Appello di 50 personalità europee ai leader dell’UE per il compromesso e la flessibilità

Cinquanta politici e intellettuali hanno sottoscritto un appello ai leader europei  perché affrontino la crisi economica e finanziaria della Grecia e dell’intera Eurozona con spirito di compromesso e flessibilità. L’appello è stato pubblicato oggi, 30 maggio 2012, e ha già trovato spazio in molti quotidiani europei, tra cui Der Spiegel e La Repubblica. Tra i membri italiani di ECFR, hanno aderito: Emma Bonino, Giuliano Amato, Giuseppe Scognamiglio e Luisa Todini.

An appeal to European leaders for compromise and flexibility

(Fonte: The Economist)

As Greece struggles to form a government, many in Europe are resigned to its exit from the eurozone, which they claim may be better than years of harsh austerity. There also seems to be a growing feeling that Europe is now strong enough to contain contagion from a Greek exit. In fact, we believe a Greek exit would be an economic and political catastrophe. It is far from certain that the current EFSF/ESM framework will be able to prevent contagion or deal with a bank run in Italy or Spain. A Greek exit could trigger a break-up of the eurozone, which would in turn lead to a deep recession and a new global financial crisis. A Greek exit would also destroy Europe’s soft power and irreversibly damage its standing in the world.

We therefore appeal to European policymakers to give Greece a way to return to a sustainable growth trajectory within the eurozone. It has become evident that the course of extreme austerity without compromises can only lead to economic failure. Policymakers must find a compromise in which Greece brings its public finances in order in exchange for more time to reduce its deficit and to pay back bilateral and multilateral loans. The interest rates Greece pays to its European partners should be cut. This could potentially be linked to progress on clearly defined reforms. This would give the Greek people hope that they will be able to return to economic growth while underlining their own responsibility to deliver on necessary reform. Both sides will have to make sacrifices, but we believe that the idea of a prosperous Europe is worth it.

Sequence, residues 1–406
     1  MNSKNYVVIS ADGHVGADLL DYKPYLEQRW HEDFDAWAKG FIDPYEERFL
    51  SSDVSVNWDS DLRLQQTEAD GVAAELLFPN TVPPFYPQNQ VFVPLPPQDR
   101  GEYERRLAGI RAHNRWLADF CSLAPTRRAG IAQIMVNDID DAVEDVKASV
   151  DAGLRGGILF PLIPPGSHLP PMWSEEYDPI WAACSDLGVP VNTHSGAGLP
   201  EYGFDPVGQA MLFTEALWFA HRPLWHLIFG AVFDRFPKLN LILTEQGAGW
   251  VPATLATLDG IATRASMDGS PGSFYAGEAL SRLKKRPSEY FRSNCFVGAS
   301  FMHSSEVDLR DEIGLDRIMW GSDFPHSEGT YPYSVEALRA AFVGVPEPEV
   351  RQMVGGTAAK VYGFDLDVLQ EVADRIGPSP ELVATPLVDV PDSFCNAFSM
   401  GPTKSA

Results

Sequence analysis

Asger Aamund (Denmark)

Martti Ahtisaari (Finland)

Giuliano Amato (Italy)

Gordon Bajnai (Hungary)

Peter Bofinger (Germany)

Emma Bonino (Italy)

Franziska Brantner (Germany)

Maria Livanos Cattaui (Switzerland)

Charles Clarke (UK)

Daniel Daianu (Romania)

Aleš Debeljak (Slovenia)

Jean Luc Dehaene (Belgium)

Andrew Duff (UK)  S

ebastian Dullien (Germany)

Hans Eichel (Germany)

Rolf Ekeus (Sweden)

Teresa Patricio Gouveia (Portugal)

Charles Grant (UK)

István Gyarmati (Hungary)

Danuta Hübner (Poland)

Jaakko Iloniemi (Finland)

Mary Kaldor (UK)

David Koranyi (Hungary)

Bernard Kouchner (France)

Monica Luisa Macovei (Romania)

Wolfgang Munchau (Germany)

Alina Mungiu-Pippidi (Romania)

Kalypso Nicolaïdis (France-Greece)

Daithi O’Ceallaigh (Ireland)

Christine Ockrent (France)

Andrzej Olechowski (Poland)

Marcelino Oreja Aguirre (Spain)

Andrew Puddephatt (UK)

Ana Palacio (Spain)

Charles Powell (UK/Spain)

Robert Reibestein (Netherlands)

Lord George Robertson (UK)

Albert Rohan (Austria)

Adam Daniel Rotfeld (Poland)

Daniel Sachs (Sweden)

Giuseppe Scognamiglio (Italy)

Narcís Serra (Spain)

Aleksander Smolar (Poland)

Ion Sturza (Romania)

Pawel Swieboda (Poland)

Luisa Todini (Italy)

Loukas Tsoukalis (Greece)

Andre Wilkens (Germany)

Antonio Vitorino (Portugal)

Carlos Alonso Zaldivar (Spain)

Stelios Zavvos (Greece)

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